Sangay National Park

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Sangay National Park
Parque nacional Sangay
IUCN category II (national park)
Ecuador SanguayNationalPark.JPG
Sangay National Park
Map showing the location of Sangay National Park
Map showing the location of Sangay National Park
Location Ecuador
Coordinates 1°50′S 78°20′W / 1.833°S 78.333°W / -1.833; -78.333Coordinates: 1°50′S 78°20′W / 1.833°S 78.333°W / -1.833; -78.333
Area 5,177.65 km2 (1,999.10 sq mi)
Established 1979
Type Natural
Criteria vii, viii, ix, x
Designated 1983 (7th session)
Reference no. 260
State Party Ecuador
Region Latin America and the Caribbean
Endangered 1992–2005

Sangay National Park (Spanish: Parque Nacional Sangay) is a national park located in the Morona Santiago, Chimborazo and Tungurahua provinces of Ecuador. The park contains two active volcanoes (Tungurahua and Sangay), one extinct volcano El Altar (Kapak Urku), and ecosystems ranging from tropical rainforests to glaciers.

The park has been listed as a UNESCO World Heritage Site since 1983. In 1992, it was added to the List of World Heritage in Danger due to illegal poaching, extensive grazing, unplanned road construction and encroachment of the park's perimeter. It was removed from the UNESCO list of endangered sites in 2005.


The National Park is an important refuge for rare species of the Andes, like mountain tapirs and spectacled bears. Especially for the mountain tapir, the park is one of the most important strongholds.[1] Typical species of the alpine and subalpine areas are mountain tapirs, Northern South American cougars[2] and Andean foxes.[2][3] In the forests below live spectacled bears, giant otters, Ecuadorian jaguars, ocelots, margays, Brazilian tapirs, white-tailed deer (Odocoileus virginianus clavium), little red brocket deer and Northern Pudus. About 300-400 bird species inhabit the Park.[4]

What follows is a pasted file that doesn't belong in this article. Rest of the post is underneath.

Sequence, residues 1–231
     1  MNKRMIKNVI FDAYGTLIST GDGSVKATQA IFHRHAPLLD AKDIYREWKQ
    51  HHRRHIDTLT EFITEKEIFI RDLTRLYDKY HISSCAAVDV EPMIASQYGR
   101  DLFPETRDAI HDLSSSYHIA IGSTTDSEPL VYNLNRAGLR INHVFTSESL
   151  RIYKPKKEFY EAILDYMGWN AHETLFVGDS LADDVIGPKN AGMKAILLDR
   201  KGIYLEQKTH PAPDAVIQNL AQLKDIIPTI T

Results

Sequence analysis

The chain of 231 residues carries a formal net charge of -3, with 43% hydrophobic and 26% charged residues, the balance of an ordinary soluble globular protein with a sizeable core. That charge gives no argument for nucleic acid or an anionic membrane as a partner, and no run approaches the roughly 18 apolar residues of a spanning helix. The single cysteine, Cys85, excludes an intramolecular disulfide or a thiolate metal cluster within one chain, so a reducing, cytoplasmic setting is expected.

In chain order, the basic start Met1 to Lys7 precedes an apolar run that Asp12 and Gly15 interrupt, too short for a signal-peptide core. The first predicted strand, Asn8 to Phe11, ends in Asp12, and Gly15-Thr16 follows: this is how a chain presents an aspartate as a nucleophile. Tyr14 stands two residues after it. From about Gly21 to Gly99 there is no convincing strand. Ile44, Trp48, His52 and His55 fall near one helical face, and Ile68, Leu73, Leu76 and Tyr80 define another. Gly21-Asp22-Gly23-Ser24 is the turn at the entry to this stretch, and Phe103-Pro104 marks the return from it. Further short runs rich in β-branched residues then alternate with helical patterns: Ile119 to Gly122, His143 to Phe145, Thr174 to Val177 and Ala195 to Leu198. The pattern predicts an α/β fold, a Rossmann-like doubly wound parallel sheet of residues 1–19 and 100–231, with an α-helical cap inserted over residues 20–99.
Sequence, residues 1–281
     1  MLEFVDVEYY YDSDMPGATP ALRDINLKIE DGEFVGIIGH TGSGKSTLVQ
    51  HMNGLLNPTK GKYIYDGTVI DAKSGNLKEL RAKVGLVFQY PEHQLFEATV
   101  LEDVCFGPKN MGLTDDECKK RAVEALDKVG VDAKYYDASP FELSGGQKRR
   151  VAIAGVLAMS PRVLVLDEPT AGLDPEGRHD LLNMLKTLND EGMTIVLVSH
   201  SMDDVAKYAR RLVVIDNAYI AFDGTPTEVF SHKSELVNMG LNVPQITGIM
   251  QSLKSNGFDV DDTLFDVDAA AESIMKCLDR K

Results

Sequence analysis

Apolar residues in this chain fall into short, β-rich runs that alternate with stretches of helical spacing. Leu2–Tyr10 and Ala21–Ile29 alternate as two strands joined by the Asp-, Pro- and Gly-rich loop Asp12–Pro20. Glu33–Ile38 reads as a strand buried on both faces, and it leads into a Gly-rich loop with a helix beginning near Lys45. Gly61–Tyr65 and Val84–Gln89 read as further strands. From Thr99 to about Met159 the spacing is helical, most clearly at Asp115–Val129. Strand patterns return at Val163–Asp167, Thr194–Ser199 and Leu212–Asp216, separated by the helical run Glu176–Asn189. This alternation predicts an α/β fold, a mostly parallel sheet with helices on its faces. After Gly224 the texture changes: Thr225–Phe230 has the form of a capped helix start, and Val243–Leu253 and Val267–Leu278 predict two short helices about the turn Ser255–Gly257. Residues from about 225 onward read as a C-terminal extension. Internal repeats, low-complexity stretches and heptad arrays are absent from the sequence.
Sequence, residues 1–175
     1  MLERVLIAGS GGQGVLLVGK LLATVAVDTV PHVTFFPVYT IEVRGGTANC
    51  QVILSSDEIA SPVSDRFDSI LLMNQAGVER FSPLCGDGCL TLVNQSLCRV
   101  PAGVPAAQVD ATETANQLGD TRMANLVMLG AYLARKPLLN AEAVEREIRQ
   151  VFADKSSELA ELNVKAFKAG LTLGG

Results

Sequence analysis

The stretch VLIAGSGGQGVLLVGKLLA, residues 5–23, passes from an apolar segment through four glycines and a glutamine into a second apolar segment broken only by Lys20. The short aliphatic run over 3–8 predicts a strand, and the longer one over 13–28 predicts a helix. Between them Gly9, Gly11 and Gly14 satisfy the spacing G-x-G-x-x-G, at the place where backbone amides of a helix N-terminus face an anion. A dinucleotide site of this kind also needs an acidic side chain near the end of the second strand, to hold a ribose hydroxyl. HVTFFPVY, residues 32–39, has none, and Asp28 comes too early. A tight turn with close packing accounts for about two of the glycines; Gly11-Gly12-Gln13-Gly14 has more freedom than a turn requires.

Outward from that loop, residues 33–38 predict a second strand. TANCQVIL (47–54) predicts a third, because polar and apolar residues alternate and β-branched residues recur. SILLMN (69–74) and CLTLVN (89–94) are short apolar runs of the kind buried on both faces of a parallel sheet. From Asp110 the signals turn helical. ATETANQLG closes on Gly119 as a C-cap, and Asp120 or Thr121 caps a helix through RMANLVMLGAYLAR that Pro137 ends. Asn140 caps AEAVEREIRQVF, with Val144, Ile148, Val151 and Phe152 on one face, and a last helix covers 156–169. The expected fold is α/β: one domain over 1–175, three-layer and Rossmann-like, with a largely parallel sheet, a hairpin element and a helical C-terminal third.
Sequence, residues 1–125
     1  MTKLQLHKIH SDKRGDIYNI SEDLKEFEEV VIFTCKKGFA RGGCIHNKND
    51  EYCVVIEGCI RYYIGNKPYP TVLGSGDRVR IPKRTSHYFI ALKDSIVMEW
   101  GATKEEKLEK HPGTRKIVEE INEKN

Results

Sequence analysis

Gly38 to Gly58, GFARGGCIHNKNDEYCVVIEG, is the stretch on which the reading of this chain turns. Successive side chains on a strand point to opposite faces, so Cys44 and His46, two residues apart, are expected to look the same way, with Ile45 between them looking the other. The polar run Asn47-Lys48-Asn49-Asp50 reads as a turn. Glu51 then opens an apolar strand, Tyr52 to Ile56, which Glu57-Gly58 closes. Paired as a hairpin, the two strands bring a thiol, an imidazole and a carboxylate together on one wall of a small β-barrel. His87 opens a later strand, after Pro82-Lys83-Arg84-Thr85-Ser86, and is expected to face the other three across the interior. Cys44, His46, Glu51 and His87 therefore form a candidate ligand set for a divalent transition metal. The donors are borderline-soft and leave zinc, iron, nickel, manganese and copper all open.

See also[edit]


  1. ^ Downer, CC: The mountain tapir, endangered 'flagship' species of the high Andes. Oryx. Vol. 30, no. 1, pp. 45-58. 1996. online abstract
  2. ^ a b Nowell, Kristin; Jackson, Peter (1996). Wild Cats: Status Survey and Conservation Action Plan (PDF). Gland, Switzerland: IUCN/SSC Cat Specialist Group. pp. 1–334. ISBN 2-8317-0045-0. 
  3. ^ Garcia-Perea, R. (1994). The pampas cat group (Genus Lynchailurus Severertzov 1858) (Carnivora: Felidae): A systematic and biogeographic review. American Museum Novitates 3096: 1–35.
  4. ^ UNEP & WCMC: SANGAY NATIONAL PARK ECUADOR, (letztes update 2005) PDF

External links[edit]